Do's & Don'ts of Choosing a Care Management System
Health and social care providers have a robust market of options to choose from when it comes to care management systems. While larger organizations tend to release an RFP or bid for procurement, private and smaller businesses are tend to go hunting for the best product fit on their own. Care providers will have to join the digital world eventually if they want to stay relevant and competitive. However, choosing a care management system is not a process that should be rushed. There is significant hassle associated with switching systems. Therefore, it is well worth the front-end effort to carefully consider and choose the best fit for your care community.
With years of experience providing software to the care sector, we’ve learned a thing or two about what to do and not do when it comes to selecting a care management or case management system.
DON'T buy software that disregards the data
One of the biggest reasons to invest in digital care recording is the ability to track important data points. Say goodbye to paper-based processes and manual data entry into spreadsheets. The power of care management software analytics is something to behold. Being able to analyze trends and chart data across services is essential for enabling senior leadership to make informed decisions and see where improvements need to be made. Furthermore, on-demand reporting allows management to document and evidence their care to regulatory bodies, boards, trusts, clients and their families. Aside from reporting, it is important to ask what information can be exported from the system (i.e. home care visit hours for invoicing, patient contact details for mail merges, etc.).
DON'T purchase before playing
You should be able to play around with all carer-facing aspects of a system before purchasing. Especially in cases where you're being asked to sign an annual contract rather than a month-over-month subscription. Some system providers offer free trials, but all should allow you to demo their product as many times as needed. When you're speaking with a sales rep, ask if there is a dedicated test account you could spend some time on.
DON'T underestimate the importance of user-friendliness
Every case management system provider is going to claim to save your staff time, but take a good look at the interface and it's ease of use. Is this something that someone with a learning disability could easily pick up? Will older staff who aren't as comfortable with technology find it intuitive? The problem with a lot of these all-in-one solutions is that they're clunky and overloaded with complex operations. They may be capable of carrying out every fathomable workflow digitally, but if the system isn't simple to use, it's only going to cause more problems than solutions. Documentation is likely to be missed or input incorrectly. Staff may resist using this new technology. You get the picture.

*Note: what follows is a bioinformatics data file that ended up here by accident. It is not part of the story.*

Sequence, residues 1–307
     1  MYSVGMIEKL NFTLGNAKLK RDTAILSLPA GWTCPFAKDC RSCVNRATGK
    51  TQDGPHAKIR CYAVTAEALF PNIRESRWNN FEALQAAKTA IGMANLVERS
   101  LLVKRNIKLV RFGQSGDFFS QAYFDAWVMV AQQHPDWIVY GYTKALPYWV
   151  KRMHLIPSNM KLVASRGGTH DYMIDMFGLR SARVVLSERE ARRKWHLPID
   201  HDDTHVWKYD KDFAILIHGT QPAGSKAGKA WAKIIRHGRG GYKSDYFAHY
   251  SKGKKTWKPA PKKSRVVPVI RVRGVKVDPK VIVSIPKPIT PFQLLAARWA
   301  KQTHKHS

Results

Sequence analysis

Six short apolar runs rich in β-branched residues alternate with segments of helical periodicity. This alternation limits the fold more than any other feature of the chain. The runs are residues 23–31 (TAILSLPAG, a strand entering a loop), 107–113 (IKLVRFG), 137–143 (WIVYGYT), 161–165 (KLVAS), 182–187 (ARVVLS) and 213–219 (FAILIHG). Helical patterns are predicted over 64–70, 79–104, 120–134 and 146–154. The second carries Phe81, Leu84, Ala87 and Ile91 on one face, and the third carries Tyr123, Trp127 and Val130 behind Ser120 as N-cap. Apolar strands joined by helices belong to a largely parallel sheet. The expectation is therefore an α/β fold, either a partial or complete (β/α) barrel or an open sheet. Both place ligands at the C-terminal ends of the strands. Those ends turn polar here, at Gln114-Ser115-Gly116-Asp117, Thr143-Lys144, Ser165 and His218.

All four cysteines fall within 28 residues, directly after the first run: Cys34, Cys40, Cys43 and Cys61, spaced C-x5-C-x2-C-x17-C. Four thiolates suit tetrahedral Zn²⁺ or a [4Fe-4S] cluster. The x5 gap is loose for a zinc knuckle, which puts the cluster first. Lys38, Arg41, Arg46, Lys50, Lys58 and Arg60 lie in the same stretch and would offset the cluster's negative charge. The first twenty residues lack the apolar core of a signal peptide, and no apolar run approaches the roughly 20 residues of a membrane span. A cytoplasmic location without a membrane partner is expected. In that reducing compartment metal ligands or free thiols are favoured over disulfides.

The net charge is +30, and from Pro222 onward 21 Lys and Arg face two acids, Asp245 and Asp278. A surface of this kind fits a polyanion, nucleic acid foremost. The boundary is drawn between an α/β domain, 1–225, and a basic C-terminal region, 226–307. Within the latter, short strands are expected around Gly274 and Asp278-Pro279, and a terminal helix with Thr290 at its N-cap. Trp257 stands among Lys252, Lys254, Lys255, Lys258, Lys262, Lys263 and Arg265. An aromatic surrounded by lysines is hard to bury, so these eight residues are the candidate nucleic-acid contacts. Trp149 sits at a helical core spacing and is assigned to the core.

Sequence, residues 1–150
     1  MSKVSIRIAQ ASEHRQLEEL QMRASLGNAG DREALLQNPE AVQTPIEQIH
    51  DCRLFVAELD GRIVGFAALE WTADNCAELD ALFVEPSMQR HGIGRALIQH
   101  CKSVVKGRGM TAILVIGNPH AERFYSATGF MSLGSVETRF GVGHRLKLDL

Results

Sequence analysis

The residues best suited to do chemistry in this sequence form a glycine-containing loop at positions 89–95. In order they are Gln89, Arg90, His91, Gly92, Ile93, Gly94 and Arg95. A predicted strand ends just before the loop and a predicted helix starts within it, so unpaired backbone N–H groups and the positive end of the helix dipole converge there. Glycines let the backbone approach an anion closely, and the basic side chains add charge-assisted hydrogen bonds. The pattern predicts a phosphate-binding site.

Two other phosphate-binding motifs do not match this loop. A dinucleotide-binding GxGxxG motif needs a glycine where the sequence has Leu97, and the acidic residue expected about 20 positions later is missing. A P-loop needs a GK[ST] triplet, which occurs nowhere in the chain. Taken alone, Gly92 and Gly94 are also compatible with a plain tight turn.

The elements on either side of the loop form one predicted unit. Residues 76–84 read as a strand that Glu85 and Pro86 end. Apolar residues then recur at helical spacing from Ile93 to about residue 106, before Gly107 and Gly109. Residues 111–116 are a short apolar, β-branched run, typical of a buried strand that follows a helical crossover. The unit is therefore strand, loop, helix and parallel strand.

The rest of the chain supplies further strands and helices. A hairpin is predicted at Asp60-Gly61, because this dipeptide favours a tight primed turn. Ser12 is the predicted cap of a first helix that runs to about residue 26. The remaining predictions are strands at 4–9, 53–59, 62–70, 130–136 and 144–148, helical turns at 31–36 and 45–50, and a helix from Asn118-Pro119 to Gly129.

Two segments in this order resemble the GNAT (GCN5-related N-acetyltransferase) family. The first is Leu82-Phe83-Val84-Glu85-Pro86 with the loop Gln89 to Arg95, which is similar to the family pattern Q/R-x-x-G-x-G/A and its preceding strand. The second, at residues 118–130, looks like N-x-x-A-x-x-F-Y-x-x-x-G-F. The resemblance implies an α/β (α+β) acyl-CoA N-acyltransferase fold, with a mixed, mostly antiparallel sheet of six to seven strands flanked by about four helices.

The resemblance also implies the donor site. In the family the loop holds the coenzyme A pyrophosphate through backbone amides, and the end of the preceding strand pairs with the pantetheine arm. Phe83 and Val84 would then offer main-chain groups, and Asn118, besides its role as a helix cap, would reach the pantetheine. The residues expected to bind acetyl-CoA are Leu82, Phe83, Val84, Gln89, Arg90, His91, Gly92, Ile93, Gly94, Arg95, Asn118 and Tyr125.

DO a lot of research
Each care provider has their own way of operating and a unique set of operational priorities. Likewise, many electronic care management systems cater to certain types of care settings over others. For example, some systems focus heavily on EPRs and EMRs, dedicated to meet the needs of clinical and hospital settings. Others might include a lot of engagement features and care plans for residential or adult day care settings. Using sites like Capterra and Software Advice can help you narrow down your lead list and gain valuable insight from user reviews. Other helpful tasks could include searching potential vendor websites to see what their blog content is like, what level of support is offered, or if they have any published case studies available.
DO include all stakeholders
Ensure success when choosing care software for your business by including all the key decision makers in the process. Who will be affected by this change? Do they understand and know all of the benefits? Seek out the opinions of care staff, administrative staff, managers, coordinators or anyone who would be using the system. Failure to get everyone on board can result in unwanted stress and hurt the effectiveness of the transition internally.
DO prioritize customization
Things change. In the health and social care sector, they change a lot. Just think about how much has changed with the COVID-19 pandemic. It ushered in new protocols and guidelines, new documentation, new technology, new workflows, and more. When it comes to a CMS, you want to be sure that your system is adaptable and that you're getting the level of customization you want in a system. For example, can you import and complete your own forms and assessments digitally? Can you customize fields, terminology or colors in the system?
DO ensure you have the level of support you need
When you choose a care management system, you enter into a relationship with the vendor. This relationship should be mutally beneficial; you provide valuable feedback that improves their product and service. In turn, they provide you with a strong support system to achieve your goals and improve outcomes. In discussions with software vendors, be sure to ask what types of support they offer (help articles, video library, live chat, email help desk). Do they supply staff onboarding and training as part of your purchase, or is there an additional cost? What is the process for submitting feedback or bug reports? Do you have a dedicated project manager to communicate with?